Continue Reading Facebook Implements Additional Measures to Prevent Discriminatory Practices in Targeted Advertisements

The Federal Trade Commission is currently the most aggressive enforcement agency on privacy and data security. The agency kicked off 2016 with PrivacyCon on January 14, which put the spotlight on academic research on consumer privacy and security.

The conference, which drew 400 attendees to Southwest D.C. and 1,500 more streaming online, showcased 19 papers on topics ranging from mismatched consumer privacy expectations online to the costs and causes of cyber incidents, with many papers focusing on the technology of online tracking. While the papers presented do not necessarily reflect the view of the FTC, it is likely that they selected presenters and findings that are consistent with their enforcement priorities.
Continue Reading FTC’s PrivacyCon Highlights Consumer Privacy Perceptions and Targeting

On 22 December 2015, the European Commission announced its next steps towards completing the single market for cross-border parcel delivery. The Commission’s aim is to enhance price transparency and regulatory oversight of the parcel market over the coming year, thereby providing consumers and businesses with better access to digital goods and services across Europe.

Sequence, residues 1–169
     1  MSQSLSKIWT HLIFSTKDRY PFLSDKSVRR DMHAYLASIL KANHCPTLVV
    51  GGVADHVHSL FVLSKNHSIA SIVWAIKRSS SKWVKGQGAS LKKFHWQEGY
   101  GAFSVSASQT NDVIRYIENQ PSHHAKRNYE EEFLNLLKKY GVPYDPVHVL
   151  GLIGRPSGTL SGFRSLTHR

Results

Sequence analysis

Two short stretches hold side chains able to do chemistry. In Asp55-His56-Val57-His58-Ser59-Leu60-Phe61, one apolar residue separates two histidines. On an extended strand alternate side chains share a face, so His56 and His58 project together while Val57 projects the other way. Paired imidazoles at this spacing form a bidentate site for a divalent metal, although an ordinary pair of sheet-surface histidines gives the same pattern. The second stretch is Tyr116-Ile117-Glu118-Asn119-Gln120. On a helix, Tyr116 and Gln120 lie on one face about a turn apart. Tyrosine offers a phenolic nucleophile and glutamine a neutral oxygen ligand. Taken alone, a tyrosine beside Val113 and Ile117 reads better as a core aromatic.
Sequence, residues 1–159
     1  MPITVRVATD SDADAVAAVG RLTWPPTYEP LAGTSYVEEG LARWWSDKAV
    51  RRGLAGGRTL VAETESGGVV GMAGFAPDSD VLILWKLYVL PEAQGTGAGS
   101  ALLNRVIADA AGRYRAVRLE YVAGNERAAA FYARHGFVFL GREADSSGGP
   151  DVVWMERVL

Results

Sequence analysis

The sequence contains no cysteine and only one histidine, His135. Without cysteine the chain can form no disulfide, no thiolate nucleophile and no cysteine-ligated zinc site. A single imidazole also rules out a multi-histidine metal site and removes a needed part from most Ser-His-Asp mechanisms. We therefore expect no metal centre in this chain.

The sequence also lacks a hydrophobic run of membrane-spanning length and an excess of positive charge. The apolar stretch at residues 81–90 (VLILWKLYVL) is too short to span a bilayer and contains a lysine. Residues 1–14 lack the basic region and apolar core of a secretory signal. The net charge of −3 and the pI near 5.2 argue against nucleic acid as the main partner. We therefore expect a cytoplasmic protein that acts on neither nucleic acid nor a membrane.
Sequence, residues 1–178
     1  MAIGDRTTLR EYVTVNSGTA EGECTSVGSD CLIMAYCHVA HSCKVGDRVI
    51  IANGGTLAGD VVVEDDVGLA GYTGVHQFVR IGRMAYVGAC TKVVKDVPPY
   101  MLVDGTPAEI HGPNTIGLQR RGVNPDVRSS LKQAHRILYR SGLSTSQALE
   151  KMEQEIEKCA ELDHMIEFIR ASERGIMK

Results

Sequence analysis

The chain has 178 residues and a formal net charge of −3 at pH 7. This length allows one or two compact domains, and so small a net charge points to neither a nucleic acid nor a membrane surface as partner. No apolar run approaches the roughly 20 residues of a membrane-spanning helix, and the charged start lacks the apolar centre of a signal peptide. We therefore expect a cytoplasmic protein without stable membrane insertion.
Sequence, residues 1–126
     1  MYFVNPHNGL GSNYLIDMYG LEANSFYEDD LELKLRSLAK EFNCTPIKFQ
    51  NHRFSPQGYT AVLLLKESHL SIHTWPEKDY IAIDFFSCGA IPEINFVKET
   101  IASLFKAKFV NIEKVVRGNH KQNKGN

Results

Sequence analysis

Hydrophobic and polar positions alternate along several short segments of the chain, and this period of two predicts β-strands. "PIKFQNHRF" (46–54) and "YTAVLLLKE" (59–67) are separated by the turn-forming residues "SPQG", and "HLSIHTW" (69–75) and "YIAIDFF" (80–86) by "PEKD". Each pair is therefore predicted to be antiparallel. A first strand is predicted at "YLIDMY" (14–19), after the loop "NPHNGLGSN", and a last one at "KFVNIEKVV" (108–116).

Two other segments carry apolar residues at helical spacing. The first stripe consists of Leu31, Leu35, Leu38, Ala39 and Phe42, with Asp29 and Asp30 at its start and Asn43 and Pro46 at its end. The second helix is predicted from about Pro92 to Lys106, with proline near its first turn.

Cross-border parcel delivery is considered to be one of the key drivers of e-commerce, and forms part of the Commission’s strategy on achieving a Digital Single Market (‘DSM’). The Commission believes that affordable and high-quality, cross-border delivery can build consumer trust in cross-border online sales, and can stimulate the growth of e-commerce. However, high prices and inefficient deliveries between Member States have deterred consumers and businesses from buying and selling online.
Continue Reading European Commission targets cross-border parcel delivery as part of its Digital Single Market Strategy

Still recovering from its 2013 data breach, Target Corp. agreed to a $39 million settlement with a class of banks suing the well-known retailer, marking the settlement as the first class-wide data breach pact ever reached on behalf of financial institutions.